Originally published in Christian Telegraph
One of three US citizens being detained in North Korea has been released, US officials said yesterday (Tuesday, October 21), reports Michael Ireland, Special Correspondent, ASSIST News Service.
State department spokeswoman Marie Harf confirmed that Jeffrey Fowle was on his way home on Tuesday following negotiations, according to the BBC.
The BBC reported Harf said the US was working to secure the release of two other US nationals, Matthew Miller and Kenneth Bae, who remain in detention in North Korea.
The US has accused North Korea of using the detained Americans as pawns in a diplomatic game, the BBC said.
The BBC stated that, Fowle, 56, entered North Korea on April 29 and was detained in early June as he was leaving the country. He was charged with “anti-state” crimes.
The BBC said he was reported to have left a Bible in the toilet of a restaurant in the northern port city of Chongjin, but his family have insisted that he was not on a mission for his church.
Missionary activity is considered a crime in North Korea. Swedish efforts were applauded in obtaining Fowle’s release.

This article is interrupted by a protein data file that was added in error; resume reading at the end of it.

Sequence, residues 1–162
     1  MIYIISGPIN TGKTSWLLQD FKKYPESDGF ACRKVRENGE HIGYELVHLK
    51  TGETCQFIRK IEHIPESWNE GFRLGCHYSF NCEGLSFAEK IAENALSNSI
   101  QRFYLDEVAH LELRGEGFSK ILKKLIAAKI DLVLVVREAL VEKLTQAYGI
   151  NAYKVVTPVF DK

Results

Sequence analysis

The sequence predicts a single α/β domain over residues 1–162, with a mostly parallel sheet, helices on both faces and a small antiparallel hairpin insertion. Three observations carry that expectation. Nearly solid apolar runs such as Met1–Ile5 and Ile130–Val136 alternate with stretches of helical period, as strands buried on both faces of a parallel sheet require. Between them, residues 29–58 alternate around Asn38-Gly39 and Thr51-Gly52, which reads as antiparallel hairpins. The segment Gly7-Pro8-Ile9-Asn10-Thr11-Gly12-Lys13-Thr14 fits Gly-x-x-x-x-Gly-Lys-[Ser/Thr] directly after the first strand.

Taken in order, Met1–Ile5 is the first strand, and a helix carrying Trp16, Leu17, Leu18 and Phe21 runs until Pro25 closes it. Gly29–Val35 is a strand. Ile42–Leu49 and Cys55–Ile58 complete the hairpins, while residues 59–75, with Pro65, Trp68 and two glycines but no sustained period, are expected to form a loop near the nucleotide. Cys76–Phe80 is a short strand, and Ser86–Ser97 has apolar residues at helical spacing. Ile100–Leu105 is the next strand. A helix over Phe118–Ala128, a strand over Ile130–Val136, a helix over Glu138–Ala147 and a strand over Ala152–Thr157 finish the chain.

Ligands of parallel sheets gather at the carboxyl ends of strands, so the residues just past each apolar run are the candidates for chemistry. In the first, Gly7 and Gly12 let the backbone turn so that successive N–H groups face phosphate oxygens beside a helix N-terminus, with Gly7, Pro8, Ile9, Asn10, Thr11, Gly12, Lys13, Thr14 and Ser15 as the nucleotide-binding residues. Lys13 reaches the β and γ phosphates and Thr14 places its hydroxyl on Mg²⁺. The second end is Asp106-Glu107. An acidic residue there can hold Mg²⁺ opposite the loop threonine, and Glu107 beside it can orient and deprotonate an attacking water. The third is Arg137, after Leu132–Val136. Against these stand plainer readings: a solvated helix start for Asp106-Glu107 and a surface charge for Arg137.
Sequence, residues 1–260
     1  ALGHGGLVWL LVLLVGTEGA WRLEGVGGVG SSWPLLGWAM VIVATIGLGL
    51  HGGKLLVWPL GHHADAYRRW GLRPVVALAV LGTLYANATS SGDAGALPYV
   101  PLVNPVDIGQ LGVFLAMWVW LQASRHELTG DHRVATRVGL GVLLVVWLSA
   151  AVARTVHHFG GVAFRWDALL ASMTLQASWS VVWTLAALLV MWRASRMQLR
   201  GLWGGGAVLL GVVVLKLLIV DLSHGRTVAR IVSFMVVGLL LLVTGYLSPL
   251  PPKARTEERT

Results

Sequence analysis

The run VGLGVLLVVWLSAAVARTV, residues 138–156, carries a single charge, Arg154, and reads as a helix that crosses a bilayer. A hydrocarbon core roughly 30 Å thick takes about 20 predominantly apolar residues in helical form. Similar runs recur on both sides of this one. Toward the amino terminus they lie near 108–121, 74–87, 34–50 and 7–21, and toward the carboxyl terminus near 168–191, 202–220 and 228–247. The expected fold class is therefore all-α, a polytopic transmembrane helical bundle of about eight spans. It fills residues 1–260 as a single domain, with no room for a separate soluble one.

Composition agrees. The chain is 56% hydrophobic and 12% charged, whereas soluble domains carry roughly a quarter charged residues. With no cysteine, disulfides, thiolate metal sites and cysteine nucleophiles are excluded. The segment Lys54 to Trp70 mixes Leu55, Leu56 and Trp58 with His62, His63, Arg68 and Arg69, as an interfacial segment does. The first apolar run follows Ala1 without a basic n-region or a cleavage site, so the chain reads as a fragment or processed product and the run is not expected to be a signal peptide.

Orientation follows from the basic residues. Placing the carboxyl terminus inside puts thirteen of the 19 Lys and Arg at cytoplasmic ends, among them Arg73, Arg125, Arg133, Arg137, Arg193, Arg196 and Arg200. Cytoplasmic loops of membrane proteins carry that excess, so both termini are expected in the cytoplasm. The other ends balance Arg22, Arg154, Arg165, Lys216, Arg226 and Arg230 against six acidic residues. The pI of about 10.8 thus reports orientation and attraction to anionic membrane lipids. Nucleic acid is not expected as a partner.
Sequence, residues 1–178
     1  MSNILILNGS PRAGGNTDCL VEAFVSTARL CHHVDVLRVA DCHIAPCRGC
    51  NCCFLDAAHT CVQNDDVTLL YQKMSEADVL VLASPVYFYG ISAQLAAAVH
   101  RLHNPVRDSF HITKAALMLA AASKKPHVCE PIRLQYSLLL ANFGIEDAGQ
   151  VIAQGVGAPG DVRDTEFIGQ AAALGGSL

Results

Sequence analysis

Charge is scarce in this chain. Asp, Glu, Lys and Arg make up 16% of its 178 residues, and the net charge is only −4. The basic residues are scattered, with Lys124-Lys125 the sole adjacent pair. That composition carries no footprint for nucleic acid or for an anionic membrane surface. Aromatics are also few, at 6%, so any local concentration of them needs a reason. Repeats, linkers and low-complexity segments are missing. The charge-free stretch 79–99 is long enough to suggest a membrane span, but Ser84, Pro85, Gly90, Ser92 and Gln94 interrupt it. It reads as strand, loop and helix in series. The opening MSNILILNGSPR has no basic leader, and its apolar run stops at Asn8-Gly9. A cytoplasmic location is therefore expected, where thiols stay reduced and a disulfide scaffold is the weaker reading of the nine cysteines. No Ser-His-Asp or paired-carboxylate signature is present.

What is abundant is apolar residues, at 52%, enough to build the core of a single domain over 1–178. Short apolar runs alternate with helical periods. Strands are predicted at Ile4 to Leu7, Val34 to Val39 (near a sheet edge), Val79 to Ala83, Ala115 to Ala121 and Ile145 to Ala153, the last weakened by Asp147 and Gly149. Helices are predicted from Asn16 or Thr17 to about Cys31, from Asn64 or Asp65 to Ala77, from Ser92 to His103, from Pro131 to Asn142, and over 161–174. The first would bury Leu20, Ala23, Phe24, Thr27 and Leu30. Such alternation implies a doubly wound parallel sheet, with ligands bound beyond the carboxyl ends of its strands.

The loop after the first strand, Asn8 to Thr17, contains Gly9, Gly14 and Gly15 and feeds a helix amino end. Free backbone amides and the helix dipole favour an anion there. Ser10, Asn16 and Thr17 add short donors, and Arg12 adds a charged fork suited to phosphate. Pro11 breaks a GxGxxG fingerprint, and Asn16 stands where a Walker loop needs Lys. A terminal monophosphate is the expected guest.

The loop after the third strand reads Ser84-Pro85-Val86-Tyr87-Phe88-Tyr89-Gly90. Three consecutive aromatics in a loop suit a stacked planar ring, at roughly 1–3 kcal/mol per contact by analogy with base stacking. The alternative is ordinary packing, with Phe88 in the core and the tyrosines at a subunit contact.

In August, Fowle and fellow detainee Matthew Miller made a televised appeal to the US government to help secure their release.
The BBC reported that, responding to the appeal, the US authorities vowed to make securing the release of the detainees a “top priority.”
Miller was later sentenced to six years’ hard labor for committing “hostile acts.”
The BBC said that what appeared to be a United States Air Force passenger jet was parked on the tarmac of Sunan International Airport in Pyongyang, North Korea, on October 21, 2014. An Associated Press (AP) photographer said he captured an image of what appeared to be a US Air Force jet at Pyongyang international airport on Tuesday.
The BBC went on to report that the state department’s Marie Harf said Washington welcomed Fowle’s release, adding that US officials “remain focused on the continued detention of Kenneth Bae and Matthew Miller and again call on the DPRK [North Korea] to immediately release them.”
Harf said North Korea had asked the US government to transport Jeffrey Fowle out of the country as a condition of his release.
Harf also thanked Sweden, which serves as the US protecting power in North Korea, for the “tireless efforts” of its embassy in Pyongyang.
The BBC said no reason was given for Fowle’s release.
In its analysis, the BBC said Washington has been trying to send high-level representatives to negotiate the detainees’ release, but these visits have been cancelled by North Korea in recent months.
The BBC added that Pyongyang has denied accusations that it is using the arrested Americans as diplomatic bargaining chips.